After one day out of the saddle, away from padded shorts and the unspeakable chamois cream (we established who was and wasn’t wearing knickers under their shorts – a proper-cyclist’s no-no – by the way they walked on the second day) we set off again, down the Sancti Spiritus highway where Guevara had fought in the mountains above. We cycled past exhausted-looking men in dirty long-sleeved shirts, hacking away at the grass verge in 35C heat at 8am. The state still employs 79 per cent of the five million-strong labour force. Technically, there are jobs for everyone.
A continuous presence all over the island were the turkey vultures circling above us, looking for road kill – or slow cyclists, as someone joked. Like everyone else on the island they were doing their duty – the roads were spotlessly clean. Still it took us by surprise when we cycled past a group of farm hands spreading out rice on the road with rakes to dry, as cars drove round or on it. ‘That’s hard work,’ Laz said. He knew. From the age of 16 Cuban children go to boarding school where they have lessons in the morning and work on farms in the afternoon.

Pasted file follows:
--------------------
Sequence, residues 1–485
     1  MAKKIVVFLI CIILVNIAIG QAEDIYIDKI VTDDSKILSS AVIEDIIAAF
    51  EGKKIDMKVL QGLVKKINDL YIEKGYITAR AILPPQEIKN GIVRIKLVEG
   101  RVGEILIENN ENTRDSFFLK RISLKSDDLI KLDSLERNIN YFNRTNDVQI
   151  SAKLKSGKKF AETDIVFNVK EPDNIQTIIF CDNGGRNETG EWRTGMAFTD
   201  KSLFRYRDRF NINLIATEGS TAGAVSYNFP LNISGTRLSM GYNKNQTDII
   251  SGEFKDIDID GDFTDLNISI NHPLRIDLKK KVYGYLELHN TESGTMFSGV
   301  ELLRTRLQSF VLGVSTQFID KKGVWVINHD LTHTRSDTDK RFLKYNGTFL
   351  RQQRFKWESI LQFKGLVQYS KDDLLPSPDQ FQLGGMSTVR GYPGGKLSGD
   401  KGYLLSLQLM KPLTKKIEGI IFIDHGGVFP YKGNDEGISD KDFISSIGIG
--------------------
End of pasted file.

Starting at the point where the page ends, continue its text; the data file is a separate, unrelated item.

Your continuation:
We had a dramatic entrance to the Oriente province, with cracks of lightning guiding the way. It is an area that few tourists venture, principally because it is hard to get to. And the cycling was becoming increasingly difficult. But the reward was the views. Long stretches of road banked on either side by thick green trees and mountain ranges disappearing into clouds ahead. If you pedalled hard enough you could get to the front of the pack and feel, blissfully, like you were alone. There were few amenities, so Laz would pay people along the way to let us use their bathroom and provide coffee. The contrast between us – laden down with bike computers, fancy hydration systems and branded sportswear – and them was stark. One lady proudly showed us into her two-roomed home, with a double electric hob on the counter and three baseball caps hanging as the only decoration on the plaster walls.

The road into the Sierra Maestra mountains.